More than $4 million in additional funding is needed to continue emergency room-like work to repair Lancaster County's dilapidated infrastructure, County Engineer Pam Dingman told the Lancaster County Board on Tuesday.
New infrastructure spending accounts for three-quarters of the request, followed by needs to replace and increase the size of the department's fleet, she said.
"We have reached the critical point that I have talked about the last five years," Dingman said at her department's budget meeting with commissioners.
Dingman's total budget request -- $37.3 million -- is generally the county's largest, County Budget Director Dennis Meyer said.
Her budget proposal already includes the infusion of $2.2 million drawn from the county's reserves.
Projected revenue from the higher property valuations in the county would add $4.2 million to the county's budget if the board leaves the levy alone, he said.
County Engineering has asked the board for sizable funding increases, pitched as necessary to remedy previous under-investment in roads and bridges that has led to closures across the county.
Almost every day her staff inform her of new infrastructure problems in the county, Dingman said.
On Tuesday, a pipe failure on Northwest 84th Street north of West O Street caused pavement problems needing immediate attention, she said.
And the full effects of the flooding from March are still being assessed, but that storm required county crews to regrade a large swath of the gravel roads and depleted the department's rock supply.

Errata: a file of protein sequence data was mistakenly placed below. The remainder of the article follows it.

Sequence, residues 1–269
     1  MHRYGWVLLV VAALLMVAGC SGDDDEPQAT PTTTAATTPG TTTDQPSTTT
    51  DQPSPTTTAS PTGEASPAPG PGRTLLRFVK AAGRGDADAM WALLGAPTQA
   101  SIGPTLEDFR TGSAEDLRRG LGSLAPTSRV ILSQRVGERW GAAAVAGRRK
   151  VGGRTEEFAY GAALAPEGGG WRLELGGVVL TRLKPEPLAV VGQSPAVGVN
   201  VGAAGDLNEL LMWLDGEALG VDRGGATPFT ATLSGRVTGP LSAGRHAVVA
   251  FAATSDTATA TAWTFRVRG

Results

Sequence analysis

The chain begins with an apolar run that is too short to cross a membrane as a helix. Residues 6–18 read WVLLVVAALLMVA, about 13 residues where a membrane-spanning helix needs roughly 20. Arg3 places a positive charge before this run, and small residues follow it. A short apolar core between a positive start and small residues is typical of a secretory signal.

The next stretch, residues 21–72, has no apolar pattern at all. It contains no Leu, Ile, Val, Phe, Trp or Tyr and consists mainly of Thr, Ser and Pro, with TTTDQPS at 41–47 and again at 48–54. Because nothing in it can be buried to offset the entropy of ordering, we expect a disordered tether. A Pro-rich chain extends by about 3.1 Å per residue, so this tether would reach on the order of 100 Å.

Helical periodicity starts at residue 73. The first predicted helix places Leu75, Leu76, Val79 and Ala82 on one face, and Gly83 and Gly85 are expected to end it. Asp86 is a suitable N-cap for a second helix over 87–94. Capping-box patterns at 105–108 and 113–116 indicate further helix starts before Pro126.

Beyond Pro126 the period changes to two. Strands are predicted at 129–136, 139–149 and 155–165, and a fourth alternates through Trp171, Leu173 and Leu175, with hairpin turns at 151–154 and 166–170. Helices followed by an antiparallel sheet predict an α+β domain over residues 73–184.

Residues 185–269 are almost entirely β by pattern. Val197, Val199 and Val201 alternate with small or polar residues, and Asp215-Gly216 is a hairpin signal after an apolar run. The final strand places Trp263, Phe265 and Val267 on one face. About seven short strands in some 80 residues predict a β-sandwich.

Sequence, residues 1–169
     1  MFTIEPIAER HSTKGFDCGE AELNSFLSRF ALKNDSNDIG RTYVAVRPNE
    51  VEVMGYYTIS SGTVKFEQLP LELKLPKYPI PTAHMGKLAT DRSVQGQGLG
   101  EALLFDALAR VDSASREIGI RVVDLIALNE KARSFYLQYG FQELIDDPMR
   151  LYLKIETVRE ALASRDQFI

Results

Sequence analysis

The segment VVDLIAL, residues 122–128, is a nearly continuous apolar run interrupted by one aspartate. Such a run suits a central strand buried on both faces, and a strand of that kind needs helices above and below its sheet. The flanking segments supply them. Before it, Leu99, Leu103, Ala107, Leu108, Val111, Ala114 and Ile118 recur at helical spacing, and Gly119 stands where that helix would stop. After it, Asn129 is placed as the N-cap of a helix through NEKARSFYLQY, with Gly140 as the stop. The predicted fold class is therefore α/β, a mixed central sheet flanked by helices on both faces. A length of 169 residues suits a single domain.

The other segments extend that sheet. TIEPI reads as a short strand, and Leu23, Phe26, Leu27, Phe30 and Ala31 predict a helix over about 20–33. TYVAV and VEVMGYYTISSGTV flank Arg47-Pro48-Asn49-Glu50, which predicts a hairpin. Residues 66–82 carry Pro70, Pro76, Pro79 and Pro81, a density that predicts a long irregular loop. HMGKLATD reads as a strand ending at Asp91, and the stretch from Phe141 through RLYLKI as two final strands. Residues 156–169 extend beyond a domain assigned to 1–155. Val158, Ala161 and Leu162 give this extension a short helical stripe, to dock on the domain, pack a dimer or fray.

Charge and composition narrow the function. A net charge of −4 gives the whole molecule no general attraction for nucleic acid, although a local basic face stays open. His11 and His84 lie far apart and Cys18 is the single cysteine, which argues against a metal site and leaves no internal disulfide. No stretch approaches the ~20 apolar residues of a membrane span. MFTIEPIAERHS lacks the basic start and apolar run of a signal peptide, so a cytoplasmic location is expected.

Flooding statewide wiped out Nebraska's gravel supply to where the county is seeking bids on gravel from Kansas, Dingman said.
Newly designated board Chairwoman Roma Amundson called the issues facing the department "sobering."
The proposed budget would fund work on 10 closed bridges in need of replacement, Dingman said.
Already seven closed bridges have contracts for either design or construction work, she said.
Last fall, a task force report concluded the county needed an additional $15 million a year to maintain all county roads and bridges over the next 20 years and suggested a county wheel tax or sales tax could fund the road system needs.
The emergency repair work hasn't just inconvenienced drivers in the county, but it has strained the department's equipment and stretched thin the maintenance staff, she said.
For example, in the last year some staff went 11 weeks without a day off due to plowing snow and immediate repairs prompted by rain, Dingman said.
Breakdowns in the fleet of dump trucks cost crews productivity and forced the department to contract for that heavy equipment to keep projects moving, she said.
"The goal is to push forward with a number of these things so we can get out of crisis mode," she said.
Commissioner Rick Vest asked whether all 18 of the department's buildings were needed.
Dingman said her department would like to study that, but some don't have heat or air conditioning or were built without bathrooms.
"We've used as much duct tape and baling wire as we can," she said.
County commissioners will continue hearing budget presentations from departments in the weeks ahead.
The county's next fiscal year begins in July, but the County Board won't finalize the budget until late August.